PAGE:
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Census 2011 and Status of Punjabi in Canada

English and French are by far the most dominant languages

More Punjabi and Tagalog,
less French and aboriginal languages
Provided by The Canadian Press

Bilingualism is surging in Canada, but not necessarily in the country’s two official languages.


Surrey, Vancouver, Nov 02, 2012
Balwant Sanghera

                        The 2011 census figures are great news for the Punjabi Language Education Association and the entire Punjabi community. Punjabi has now jumped from its sixth place in 2006 to the third most spoken language in Canada. 460,000 Punjabi speakers are now spread out throughout Canada. BC continues to lead with 182,715 Punjabi speakers. This province is followed by Ontario with 173,975 and Alberta with 49,940 lovers of this language. In Metro Vancouver, the number is 139,230 including 93,785 in Surrey. City of Vancouver with 24,660 Punjabi speakers leads Abbotsford with 15,235. Toronto and Brampton are the mirror image of Vancouver and Surrey. Whereas Toronto has 23,000 Punjabi speakers, Brampton has the honour of being the city with the most Punjabi speakers-91,345-in Ontario. Surrey and Brampton have now become the hubs of Punjabi language and culture at both ends of the country.

                        Punjabi Language Education Association (PLEA Canada) has been working very hard for close to 20 years in promoting Punjabi in this country. It is a matter of great pride and satisfaction for this organization to see such recognition for this language. However, the Indo-Canadian media also had a major role to play in this regard. Same goes for a lot of the gurdwaras,Khalsa schools,academies,other organizations and well-wishers of Punjabi. On behalf of PLEA Canada, I would like to congratulate and thank them all for their dedication in this regard. Furthermore, I would like to urge them to continue to work hard in promoting Punjabi at every level. Let’s create more pride about Punjabi especially amongst our young people. They are our future and they are the ones who will play a major role in the growth and development of this language.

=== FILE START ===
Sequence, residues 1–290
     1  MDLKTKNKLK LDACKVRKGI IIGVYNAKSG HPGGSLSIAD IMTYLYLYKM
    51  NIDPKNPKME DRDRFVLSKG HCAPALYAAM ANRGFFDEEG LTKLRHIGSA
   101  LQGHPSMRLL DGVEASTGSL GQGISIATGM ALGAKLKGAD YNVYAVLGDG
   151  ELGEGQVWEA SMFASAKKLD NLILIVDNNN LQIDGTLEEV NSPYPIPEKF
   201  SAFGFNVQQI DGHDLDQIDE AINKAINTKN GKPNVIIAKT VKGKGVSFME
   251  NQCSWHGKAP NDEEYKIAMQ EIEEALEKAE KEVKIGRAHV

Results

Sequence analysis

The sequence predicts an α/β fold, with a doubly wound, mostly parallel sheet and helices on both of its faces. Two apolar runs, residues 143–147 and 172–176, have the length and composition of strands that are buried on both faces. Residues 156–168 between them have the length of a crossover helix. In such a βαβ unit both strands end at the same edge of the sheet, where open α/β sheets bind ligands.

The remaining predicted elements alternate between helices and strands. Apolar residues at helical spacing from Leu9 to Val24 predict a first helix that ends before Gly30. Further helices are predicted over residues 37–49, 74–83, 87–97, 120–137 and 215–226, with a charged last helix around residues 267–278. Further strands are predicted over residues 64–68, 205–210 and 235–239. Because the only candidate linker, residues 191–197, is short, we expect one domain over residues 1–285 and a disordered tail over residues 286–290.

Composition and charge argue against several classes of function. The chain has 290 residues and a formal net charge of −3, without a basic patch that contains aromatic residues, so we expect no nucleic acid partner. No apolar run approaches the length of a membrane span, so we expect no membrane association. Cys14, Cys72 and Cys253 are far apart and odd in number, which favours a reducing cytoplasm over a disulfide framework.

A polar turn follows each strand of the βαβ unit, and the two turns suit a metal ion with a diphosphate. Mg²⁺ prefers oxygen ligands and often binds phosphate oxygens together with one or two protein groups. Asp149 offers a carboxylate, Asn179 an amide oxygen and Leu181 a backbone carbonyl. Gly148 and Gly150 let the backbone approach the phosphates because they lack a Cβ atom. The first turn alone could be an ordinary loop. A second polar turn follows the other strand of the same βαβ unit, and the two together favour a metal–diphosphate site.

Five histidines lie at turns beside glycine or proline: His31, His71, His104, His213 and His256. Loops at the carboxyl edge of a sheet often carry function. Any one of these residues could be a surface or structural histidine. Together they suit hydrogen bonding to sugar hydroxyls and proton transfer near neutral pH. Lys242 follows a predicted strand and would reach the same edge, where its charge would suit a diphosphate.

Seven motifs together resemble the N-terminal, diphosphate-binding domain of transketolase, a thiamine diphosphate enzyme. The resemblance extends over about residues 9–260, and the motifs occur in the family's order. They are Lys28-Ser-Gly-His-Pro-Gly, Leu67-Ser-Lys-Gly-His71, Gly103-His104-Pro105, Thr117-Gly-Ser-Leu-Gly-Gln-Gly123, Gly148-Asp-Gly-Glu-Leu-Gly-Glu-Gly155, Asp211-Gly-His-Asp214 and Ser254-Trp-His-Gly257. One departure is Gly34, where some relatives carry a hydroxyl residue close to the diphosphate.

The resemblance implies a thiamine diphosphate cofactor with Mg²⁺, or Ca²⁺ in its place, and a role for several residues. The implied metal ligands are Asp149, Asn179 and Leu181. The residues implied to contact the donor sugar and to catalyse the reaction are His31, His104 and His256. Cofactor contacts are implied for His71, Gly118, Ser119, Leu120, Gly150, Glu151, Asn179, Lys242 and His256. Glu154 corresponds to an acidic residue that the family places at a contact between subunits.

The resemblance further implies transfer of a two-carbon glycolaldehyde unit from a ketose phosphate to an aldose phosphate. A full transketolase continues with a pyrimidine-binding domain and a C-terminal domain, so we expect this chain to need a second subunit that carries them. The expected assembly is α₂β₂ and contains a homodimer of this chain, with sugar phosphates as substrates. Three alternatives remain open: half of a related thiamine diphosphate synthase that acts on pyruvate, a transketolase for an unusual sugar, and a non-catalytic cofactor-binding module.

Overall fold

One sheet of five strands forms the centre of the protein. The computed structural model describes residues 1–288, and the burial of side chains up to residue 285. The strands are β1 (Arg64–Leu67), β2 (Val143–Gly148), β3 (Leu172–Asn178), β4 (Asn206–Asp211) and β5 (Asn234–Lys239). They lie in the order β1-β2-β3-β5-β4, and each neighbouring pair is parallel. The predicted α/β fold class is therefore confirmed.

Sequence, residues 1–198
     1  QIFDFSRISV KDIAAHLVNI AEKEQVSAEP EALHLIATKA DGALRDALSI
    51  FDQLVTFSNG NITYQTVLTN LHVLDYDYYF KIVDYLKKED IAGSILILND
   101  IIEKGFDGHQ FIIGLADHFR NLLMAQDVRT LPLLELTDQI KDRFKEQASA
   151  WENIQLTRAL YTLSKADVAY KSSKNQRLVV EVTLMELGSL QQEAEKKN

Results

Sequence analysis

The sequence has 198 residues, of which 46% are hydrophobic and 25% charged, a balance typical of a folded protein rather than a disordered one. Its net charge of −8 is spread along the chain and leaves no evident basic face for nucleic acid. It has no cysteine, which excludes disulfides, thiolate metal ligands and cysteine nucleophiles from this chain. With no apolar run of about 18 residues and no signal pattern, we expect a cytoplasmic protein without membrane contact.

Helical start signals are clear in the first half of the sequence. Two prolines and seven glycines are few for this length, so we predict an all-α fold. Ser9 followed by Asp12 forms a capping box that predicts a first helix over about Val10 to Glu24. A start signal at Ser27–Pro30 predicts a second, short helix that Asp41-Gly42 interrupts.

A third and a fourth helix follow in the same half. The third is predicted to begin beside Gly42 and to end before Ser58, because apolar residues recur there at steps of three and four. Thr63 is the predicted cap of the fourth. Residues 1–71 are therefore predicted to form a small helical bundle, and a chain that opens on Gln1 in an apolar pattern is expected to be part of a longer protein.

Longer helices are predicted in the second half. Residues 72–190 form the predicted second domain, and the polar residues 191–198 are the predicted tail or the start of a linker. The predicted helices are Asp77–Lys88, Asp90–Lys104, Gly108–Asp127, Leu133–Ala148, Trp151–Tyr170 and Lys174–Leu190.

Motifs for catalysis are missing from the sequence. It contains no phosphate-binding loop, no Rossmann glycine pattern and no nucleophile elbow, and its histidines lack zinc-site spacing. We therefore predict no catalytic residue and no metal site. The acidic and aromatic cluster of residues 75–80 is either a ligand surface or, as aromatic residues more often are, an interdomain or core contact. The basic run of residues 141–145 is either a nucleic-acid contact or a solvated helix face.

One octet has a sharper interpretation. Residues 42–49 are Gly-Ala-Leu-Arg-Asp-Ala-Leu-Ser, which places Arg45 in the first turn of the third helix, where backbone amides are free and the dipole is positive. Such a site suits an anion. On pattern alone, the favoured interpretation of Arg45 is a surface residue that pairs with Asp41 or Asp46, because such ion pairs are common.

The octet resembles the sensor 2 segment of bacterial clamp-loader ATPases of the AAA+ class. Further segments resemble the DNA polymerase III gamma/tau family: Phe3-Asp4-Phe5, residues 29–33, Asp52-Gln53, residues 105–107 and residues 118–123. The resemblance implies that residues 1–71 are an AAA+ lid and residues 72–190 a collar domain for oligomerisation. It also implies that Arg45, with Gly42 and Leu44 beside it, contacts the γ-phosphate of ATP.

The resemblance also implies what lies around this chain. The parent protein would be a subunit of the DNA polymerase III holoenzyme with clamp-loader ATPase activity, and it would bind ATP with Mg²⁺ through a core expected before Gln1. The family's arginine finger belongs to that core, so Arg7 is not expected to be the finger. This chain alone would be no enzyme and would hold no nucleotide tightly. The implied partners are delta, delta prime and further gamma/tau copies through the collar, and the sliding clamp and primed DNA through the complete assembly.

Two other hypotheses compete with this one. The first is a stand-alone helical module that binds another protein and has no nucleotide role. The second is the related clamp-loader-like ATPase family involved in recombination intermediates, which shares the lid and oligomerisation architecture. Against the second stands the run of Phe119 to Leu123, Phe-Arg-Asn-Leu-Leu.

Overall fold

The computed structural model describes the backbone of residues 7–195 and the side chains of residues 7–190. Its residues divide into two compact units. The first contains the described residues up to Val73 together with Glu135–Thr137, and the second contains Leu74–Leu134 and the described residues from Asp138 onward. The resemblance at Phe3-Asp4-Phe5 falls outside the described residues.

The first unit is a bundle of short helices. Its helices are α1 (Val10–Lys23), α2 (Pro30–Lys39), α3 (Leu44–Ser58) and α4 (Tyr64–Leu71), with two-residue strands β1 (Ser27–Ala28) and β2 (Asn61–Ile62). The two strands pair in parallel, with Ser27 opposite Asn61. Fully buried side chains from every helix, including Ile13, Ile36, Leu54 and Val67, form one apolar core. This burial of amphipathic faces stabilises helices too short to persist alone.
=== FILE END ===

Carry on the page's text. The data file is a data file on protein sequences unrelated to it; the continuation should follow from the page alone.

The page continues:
It is interesting to note that more than 200 languages are spoken in Canada. Ironically, only 22 of them have more than 100,000 speakers. The largest, Punjabi, at 460,000 speakers was followed by Chinese with 441,000 speakers, Spanish-439, 000, Italian-438,000, German-430, 000, Tagalog-384,000 and Arabic -374,000. There were 60 Aboriginal languages identified with 213,000 speakers. Here it may be appropriate to mention that  the Chinese languages are a combination of Cantonese, Mandarin and other non-specified languages. Their numbers were: Cantonese-389,000, Mandarin-255,000 and unspecified: 441,000.

                        Like the Punjabi community, the Chinese community also continues to grow at a fairly good rate. For example, Richmond has the highest proportion of people in Metro Vancouver speaking a language other than the two official languages-English and French. 59% of Richmond residents speak a language other than English. Majority of them are of Chinese heritage who speak Cantonese, Mandarin, and other non-specified languages.  Nationally, it is interesting to note that 6.8 million Canadians speak a language other than the two official languages at homes.  These figures project a fairly good picture of this country’s linguistic diversity. This doesn’t mean that English and French are losing their touch. On the contrary, 22 million Canadians, out of a total population of 33,476,688, speak English at home. Furthermore, 28.4 million citizens of this country have a working knowledge of English. Similarly, 7 million Canadians speak French at home and 10 million have a working knowledge of French.

                        These latest figures present a good snapshot of this country’s multicultural and linguistic landscape. Canada is now home to almost every language group and community from around the globe. This is a matter of great pride for every Canadian. Recognizing the linguistic identity of a community adds greatly to Canada’s policy of inclusion and tolerance. At the same time, it puts an onus on every Canadian to also learn at least one of Canada ’s official languages and reach out to those who may be unable to speak/understand our mother  language. This is the best way to enhance and promote linguistic and cultural harmony.           

In the global context, this new linguistic landscape in Canada bodes well not only for Canada but also for the world. It reinforces this country’s high level of tolerance .Multilingualism, along with multiculturalism, are a great asset for Canada. It strengthens us as a nation. It is something for all of us to be proud of and  celebrate.

Balwant Sanghera
(Balwant Sanghera is a retired School Psychologist and Community Activist)










Balwant Sanghera

Balwant Sanghera
President, Punjabi Language Education Association . He is a retired School Psychologist and Community Activist in British Columbia ,Canada.